Building a steam detector

Hello I have an UNO and would like to build a steam detector with an out put on a timer.
So when I take a shower a steam sensor detects steam and would then send an output to a relay (ssr 240vac) on a timer for say 10 minutes.

A simple device with 1 input device and 1 output command.

Can anyone help with schematics and code?

The first thing you need to tell us is what sensor you propose to use to detect steam. My guess is that it is not a simple thing to do.

Programming for a time interval is straightforward.

...R

I think there are easier ways to detect whether someone is having a shower, such as a water flow detector mounted in the shower hose.

If all you want to do is have this trigger a relay for a certain amount of time (which probably doesn't even have to be that accurate), you can do this much cheaper and smaller by using a 555 timer in monostable mode. An Arduino is total overkill for such a project.

I would try DHT22 if it can detect "steam" from shower by quick increase of humidity and possibly temperature too. I think Arduino + DHT22 is still cheaper than water flow detector + 555. But lot of work is needed for both if OP has no experience (it is likely: first post here). Doable but you need to start blinking LEDs and doing such "basic stuff". Also note water + 240VAC KILLS! You MUST know what you are doing before you try to do this.

I'd use a BME280 sensor and turn the fan on when humidity exceeds 95% or some other value determined by experiment.

I don't recall the OP mentioning a fan. I have been assuming he wants to warn the user that he has been showering for 10 minutes and it is time to stop.

I have no experience of any humidity sensor but I wonder how long it takes them to realize that the first person has finished his/her shower and that a second person is now using it and a second, quite separate, 10 minute interval needs to be timed?

...R

Humidity sensors are quite slow (in the tune of several minutes) to react to large changes in humidity, like you would have here. So it'll take a few minutes from start of showering for the sensor to react. Also those sensors must be kept away from water, just vapour. Condensation may also be a problem, and that's a real issue in a shower where the air is easily over saturated, and clouds tend to form (often the air in the room just outside the shower cubicle is a bit cooler than the air inside the shower, which is heated by the water).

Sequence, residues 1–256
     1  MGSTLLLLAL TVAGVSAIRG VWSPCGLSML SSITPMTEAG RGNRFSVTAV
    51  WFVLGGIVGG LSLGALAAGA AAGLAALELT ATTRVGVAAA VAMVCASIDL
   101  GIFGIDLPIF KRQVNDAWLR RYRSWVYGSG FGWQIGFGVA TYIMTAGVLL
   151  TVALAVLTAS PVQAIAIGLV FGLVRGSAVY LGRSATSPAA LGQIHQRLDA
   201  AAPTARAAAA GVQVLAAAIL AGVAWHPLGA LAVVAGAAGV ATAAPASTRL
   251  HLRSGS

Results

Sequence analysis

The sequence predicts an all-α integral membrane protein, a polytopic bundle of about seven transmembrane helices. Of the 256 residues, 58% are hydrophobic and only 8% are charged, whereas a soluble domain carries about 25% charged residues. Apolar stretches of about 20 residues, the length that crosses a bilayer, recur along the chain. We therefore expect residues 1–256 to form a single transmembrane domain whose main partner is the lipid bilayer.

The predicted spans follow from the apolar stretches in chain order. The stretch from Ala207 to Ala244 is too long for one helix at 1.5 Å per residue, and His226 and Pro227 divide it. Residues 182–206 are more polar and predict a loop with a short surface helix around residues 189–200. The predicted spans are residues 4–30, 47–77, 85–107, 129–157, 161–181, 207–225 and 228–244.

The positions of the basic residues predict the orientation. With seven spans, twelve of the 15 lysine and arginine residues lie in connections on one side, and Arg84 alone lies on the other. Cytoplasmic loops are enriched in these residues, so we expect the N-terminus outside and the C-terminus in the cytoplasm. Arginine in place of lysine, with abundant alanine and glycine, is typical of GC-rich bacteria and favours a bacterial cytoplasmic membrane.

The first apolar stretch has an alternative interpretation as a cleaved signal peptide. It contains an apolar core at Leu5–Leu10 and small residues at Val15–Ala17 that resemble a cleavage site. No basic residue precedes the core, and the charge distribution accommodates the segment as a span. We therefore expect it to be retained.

OP didn't state what the relay is to switch (I would also assume a fan, but could be something else of course).

OP also didn't state whether the 10 minutes should start when the shower is turned on, or when the shower is turned off.

So let's wait for OP to come back and clarify what they want and what they think of the proposed solutions.

How about temperature?

Strap a temp sensor to the pipe on the shower head, should be around 70 degrees F to start and something over 95 F when the water is warmed up to shower temp. Temperature is cheap and easy

saildude:
How about temperature?

Strap a temp sensor to the pipe on the shower head, should be around 70 degrees F to start and something over 95 F when the water is warmed up to shower temp. Temperature is cheap and easy

Nice idea but it won't be so precise.
If the ambient temperature is also high it won't be a big difference between it and the water temperature so no stream will be created and then triggering the fan or whatever for no reason.
Same as for a low temperature in the ambient when as much as 25 degrees C water can form stream, and because the limit of the water is higher it won't trigger the output when needed

Maybe using 2 temperature sensor will reduce the false triggers by estimating the stream.

prologikus:
If the ambient temperature is also high it won't be a big difference between it and the water temperature so no stream will be created and then triggering the fan or whatever for no reason.

The ambient temperature high enough to make steam? I think everyone in the house would be dead at that point.

wvmarle:
Humidity sensors are quite slow (in the tune of several minutes) to react to large changes in humidity, like you would have here.

So you've never used a BME280 then? It's so fast that the datasheet claims it can be used for indoor navigation just by identifying the humidity changes when you move from room to room.

It's response to a humid breath is pretty much instant. It doesn't pick up on the temperature change from a breath until many seconds later.

MorganS:
So you've never used a BME280 then?

Not yet indeed, it's on my wish list. Not for the response time, but for the integration with pressure and air temperature.

aarg:
The ambient temperature high enough to make steam? I think everyone in the house would be dead at that point.

No, he said the opposite: ambient too high for the shower to produce steam, so no steam at all.
That's for me also quite normal, no steam produced in summer (ambient 30-33 C, usually showering "cold" which is about the same temperature - even if showering with water at 38 C there's no steam production). Detecting showering with humidity detection is also getting tricky as the baseline ambient is often at 90% or so.